Current Date: Tue, 21 May 2013 23:27:14 -0400
After enduring several disappointing seasons, North Carolina wrestling coach C.D. Mock is confident that the new crop of Tar Heel wrestlers will help the team to bounce back from a 6-14 record last season.
The Tar Heels (1-2) will participate in three dual meets this weekend when the team travels to Pennsylvania to take on Michigan State, Clarion and Drexel.
UNC has just three juniors and no seniors on its 26-man roster, but Mock said the Tar Heels’ youth will be helpful in revitalizing the program.
“It’s great to have experience and maturity and leadership when that is coming from a successful background,” Mock said. “We haven’t been successful. We’ve had a rough couple of years.”
Leading the charge is sophomore Evan Henderson, who is ranked sixth in the NCAA at 141 pounds. Henderson placed sixth at the Midlands Championships in Evanston, Ill., against some of the nation’s top wrestlers and won his class at the Wolfpack Open in Raleigh on Nov. 11.
Henderson, who is 3-0 in the Tar Heels’ dual matches this season, said the attitude of the team has improved this season.
“The team as a whole, even coming into this year, has a completely different mindset,” Henderson said.
“We were a little off last year. This year instead of just winning, we’re trying to dominate the person.”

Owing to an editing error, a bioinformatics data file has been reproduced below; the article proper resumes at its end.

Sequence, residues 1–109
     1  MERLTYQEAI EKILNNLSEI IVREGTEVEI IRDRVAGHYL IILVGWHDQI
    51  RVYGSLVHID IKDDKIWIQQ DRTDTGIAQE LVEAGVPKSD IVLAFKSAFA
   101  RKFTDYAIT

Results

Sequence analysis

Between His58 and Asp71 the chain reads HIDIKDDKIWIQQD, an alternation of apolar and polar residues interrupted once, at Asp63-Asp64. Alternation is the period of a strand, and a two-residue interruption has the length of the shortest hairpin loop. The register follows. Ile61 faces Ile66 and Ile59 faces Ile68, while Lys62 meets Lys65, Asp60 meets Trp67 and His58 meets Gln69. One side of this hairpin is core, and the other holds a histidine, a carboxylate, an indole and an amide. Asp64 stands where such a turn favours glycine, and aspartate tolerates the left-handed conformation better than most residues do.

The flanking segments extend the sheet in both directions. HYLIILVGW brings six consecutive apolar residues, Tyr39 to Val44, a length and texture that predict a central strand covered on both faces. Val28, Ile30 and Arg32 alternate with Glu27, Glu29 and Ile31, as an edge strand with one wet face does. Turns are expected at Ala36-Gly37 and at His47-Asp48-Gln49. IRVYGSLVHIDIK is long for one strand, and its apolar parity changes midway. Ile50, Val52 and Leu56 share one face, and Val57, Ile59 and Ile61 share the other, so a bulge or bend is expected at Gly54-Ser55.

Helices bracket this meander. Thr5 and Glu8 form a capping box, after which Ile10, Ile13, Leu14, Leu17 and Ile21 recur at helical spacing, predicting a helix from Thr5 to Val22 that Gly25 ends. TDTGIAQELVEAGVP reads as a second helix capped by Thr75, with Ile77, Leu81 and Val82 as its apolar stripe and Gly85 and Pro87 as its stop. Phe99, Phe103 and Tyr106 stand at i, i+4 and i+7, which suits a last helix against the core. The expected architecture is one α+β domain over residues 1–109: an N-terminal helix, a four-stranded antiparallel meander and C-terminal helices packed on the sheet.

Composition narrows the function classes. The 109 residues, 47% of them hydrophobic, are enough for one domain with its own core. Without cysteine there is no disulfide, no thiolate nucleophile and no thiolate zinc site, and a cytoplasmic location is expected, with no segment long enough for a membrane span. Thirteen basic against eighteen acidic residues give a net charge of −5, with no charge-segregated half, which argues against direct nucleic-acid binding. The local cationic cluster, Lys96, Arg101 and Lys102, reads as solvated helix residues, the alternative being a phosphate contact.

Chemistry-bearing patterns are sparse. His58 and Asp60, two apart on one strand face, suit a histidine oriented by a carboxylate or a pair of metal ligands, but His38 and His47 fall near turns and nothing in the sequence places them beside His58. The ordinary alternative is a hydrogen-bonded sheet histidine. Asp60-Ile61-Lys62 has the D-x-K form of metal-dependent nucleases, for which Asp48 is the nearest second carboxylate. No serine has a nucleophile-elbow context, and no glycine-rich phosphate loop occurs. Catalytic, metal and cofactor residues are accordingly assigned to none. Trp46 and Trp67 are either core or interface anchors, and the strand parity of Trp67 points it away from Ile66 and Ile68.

Alongside Henderson, freshmen Nathan Kraisser, at 125 pounds, and Joey Ward, at 133 pounds, rank 14th and 17th in Division I, respectively.
In UNC’s match against Nebraska, Kraisser, Ward and Henderson got the Tar Heels out to a 12-0 lead before the Cornhuskers took the next seven matches to cruise to a 25-12 win.
Mock said he was excited to have three wrestlers ranked in the top 20 of their weight classes, but he admitted the Tar Heels are lacking in some divisions.
“We’re a tournament team,” Mock said. “We’re not really a dual meet team, and the reason is because we have some holes.”
UNC will have a hole to fill at 197 pounds, as Antonio Giorgio will likely miss the next three meets after suffering a concussion at the Nittany Lion Open on Dec. 2.
Mock said successful programs are built upon individual successes, and the program has been looking for a wrestler that could provide that spark.
“We just haven’t had that example, and I believe we have that this year,” Mock said. “It might be Henderson, it might be one of the younger guys, but I believe that is one of the huge missing pieces of the puzzle and the success of our program.”
Kraisser said he thinks this group has the potential to usher in a new era of success at UNC.
“We’re the group that can change how Carolina wrestling is perceived. Other teams are starting to see that Carolina isn’t just a walkover,” Kraisser said. “I do see myself as one of those people that I think could change the Carolina program and make us a national contender again.”
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